Why you didn't care: Marrying chickpeas and spinach wasn't a problem you had.

Why you should: You can make a sauce out of anything if you mush stale bread into it. It's like gazpacho you eat with a fork!

Why you didn't care: The term fat-free. This isn't a SnackWell's commercial!

Why you should: How about some sexier adjectives? Tangy, garlicky, crunchy, fiery, sweet, herby… icy? Yes! Pretend there's fat in it if you want.

Why you didn't care: It was late in asparagus season and the last thing you wanted was to eat more of it.

Why you should: Next season (and the next), you're going to feel queasy about throwing away those bottoms all over again.

Why you didn't care: You were busy eating Thanksgiving dinner.

Why you should: The Silver Palate gave you the best dinner parties of your life in the 1980s—it's the least you could do. Plus, there are garlic cloves poached in bacon fat. Make this with leftover roast chicken, stat.

Got a genius recipe to share—from a classic cookbook, an online source, or anywhere, really? Please send it my way (and tell me what's so smart about it) at [email protected].

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See what other Food52 readers are saying.

  • witloof
  • EL
  • Scribbles
  • Valerie Gutchen Arnade
    Valerie Gutchen Arnade
  • Ttrockwood
I'm an ex-economist, lifelong-Californian who moved to New York to work in food media in 2007, before returning to the land of Dutch Crunch bread and tri-tip barbecues in 2020. Dodgy career choices aside, I can't help but apply the rational tendencies of my former life to things like: recipe tweaking, digging up obscure facts about pizza, and deciding how many pastries to put in my purse for "later."


witloof February 4, 2016
Just to say that I find this article incredibly charming.
EL January 25, 2016
I assume that you are mentioning that no one even looked at the poor little orphans mentioned above. I do try to look at all the genius recipes, but don't have a lot of time (so haven't made it through all of them, plus your site makes my ipad crash numerous times). With that said, see the following. . .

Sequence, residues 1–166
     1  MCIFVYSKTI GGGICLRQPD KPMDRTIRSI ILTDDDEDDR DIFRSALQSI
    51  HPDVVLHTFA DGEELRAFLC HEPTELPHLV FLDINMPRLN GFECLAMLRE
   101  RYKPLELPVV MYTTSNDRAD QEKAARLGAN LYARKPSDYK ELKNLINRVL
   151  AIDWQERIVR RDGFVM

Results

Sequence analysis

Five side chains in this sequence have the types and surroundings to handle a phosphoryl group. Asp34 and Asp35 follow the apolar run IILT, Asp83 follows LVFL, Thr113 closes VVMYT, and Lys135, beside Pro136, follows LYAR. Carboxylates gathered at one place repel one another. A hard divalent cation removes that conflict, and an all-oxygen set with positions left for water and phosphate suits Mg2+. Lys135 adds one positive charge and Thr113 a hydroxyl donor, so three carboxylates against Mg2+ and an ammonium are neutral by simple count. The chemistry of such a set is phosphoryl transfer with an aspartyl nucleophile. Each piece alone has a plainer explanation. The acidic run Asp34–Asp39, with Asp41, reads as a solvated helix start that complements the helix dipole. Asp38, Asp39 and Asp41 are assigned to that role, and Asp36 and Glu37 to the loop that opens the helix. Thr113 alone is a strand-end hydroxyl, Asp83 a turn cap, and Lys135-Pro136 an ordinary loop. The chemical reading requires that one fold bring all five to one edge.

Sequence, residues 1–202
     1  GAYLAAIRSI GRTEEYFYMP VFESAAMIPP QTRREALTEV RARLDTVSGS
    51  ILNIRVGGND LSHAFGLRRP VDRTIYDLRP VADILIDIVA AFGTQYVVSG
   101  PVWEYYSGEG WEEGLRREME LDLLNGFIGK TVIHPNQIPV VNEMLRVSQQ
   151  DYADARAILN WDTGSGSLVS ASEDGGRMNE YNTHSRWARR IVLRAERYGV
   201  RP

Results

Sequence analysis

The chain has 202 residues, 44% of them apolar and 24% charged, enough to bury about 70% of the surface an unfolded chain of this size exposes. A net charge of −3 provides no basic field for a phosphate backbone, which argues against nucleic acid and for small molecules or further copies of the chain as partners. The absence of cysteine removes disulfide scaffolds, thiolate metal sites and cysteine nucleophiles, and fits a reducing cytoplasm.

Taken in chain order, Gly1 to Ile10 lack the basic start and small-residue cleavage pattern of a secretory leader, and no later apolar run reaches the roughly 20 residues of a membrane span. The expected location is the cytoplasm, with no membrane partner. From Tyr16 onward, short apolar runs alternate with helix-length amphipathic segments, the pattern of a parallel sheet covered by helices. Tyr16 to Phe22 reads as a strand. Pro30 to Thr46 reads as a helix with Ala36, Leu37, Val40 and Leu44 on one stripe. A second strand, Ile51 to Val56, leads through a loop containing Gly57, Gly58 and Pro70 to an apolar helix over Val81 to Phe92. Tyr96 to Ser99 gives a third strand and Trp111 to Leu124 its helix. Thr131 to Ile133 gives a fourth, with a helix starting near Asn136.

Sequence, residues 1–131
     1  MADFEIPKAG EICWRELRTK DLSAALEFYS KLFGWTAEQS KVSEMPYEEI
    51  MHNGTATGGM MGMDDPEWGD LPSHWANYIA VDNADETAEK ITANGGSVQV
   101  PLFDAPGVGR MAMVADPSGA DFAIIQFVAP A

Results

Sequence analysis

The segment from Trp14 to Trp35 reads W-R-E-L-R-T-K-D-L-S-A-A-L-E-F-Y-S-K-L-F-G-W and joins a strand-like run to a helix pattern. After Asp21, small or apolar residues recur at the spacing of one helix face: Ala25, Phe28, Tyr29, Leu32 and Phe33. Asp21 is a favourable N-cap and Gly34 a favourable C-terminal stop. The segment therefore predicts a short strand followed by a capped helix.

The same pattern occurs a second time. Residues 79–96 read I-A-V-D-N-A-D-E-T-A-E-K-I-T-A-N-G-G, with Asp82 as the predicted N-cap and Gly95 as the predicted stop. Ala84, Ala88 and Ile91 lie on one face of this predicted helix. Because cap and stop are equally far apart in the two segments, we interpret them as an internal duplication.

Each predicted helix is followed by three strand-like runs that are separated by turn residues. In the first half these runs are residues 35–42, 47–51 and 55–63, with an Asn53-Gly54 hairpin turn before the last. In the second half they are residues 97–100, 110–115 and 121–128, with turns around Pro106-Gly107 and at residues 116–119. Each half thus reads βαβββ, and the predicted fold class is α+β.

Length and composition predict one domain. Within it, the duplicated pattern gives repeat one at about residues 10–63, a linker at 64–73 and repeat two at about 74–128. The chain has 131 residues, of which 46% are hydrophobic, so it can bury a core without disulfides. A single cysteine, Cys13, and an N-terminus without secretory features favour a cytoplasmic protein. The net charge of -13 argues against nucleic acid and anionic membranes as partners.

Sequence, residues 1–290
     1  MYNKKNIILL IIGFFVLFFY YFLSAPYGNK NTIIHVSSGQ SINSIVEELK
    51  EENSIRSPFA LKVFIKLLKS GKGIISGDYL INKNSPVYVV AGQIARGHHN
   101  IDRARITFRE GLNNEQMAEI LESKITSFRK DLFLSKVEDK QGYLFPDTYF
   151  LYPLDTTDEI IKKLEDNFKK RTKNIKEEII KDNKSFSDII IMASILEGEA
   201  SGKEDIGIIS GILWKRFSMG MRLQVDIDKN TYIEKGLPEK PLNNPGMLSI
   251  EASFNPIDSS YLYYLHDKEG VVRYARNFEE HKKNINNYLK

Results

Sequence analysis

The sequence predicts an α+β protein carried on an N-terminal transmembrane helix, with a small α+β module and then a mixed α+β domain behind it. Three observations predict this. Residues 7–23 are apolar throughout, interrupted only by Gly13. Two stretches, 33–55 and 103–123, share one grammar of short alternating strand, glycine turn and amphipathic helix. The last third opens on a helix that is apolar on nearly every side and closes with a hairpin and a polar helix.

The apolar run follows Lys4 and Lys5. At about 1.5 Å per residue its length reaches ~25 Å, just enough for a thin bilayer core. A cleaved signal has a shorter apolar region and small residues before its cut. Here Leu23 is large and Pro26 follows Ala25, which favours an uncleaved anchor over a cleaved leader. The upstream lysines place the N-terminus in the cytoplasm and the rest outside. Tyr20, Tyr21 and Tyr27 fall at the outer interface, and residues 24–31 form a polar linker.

In addition to the above reasons for looking at the bottom ten recipes -- You might also add that some of us tried the top ten, but gave up in disgust because they weren't what they were made out to be (such as the vegan chocolate chip cookies which were so easily made into hockey pucks and also seemed to require exquisite timing (on the chilling side -- I'll continue to cream butter or brown it)). Thus, calling them the top ten is not necessarily accurate. Did we make the recipe? Was it successful? I bet that some of the recipes listed above are easier than the top ten.

However, unless I want to blow up like a balloon, one can't make everything. Yes, I like lentil soup. On the other hand, I tend not to look at recipes until I need to make something along those lines.

I eat all my asparagus when I have it and generally fresh or only with salt and pepper. Who wastes perfectly good, luscious asparagus by topping it with either whipped cream or hollandaise (and I read the Alice B. Toklas cookbook a long time ago and therefore have not been rereading on your site -- what about hashish brownies)?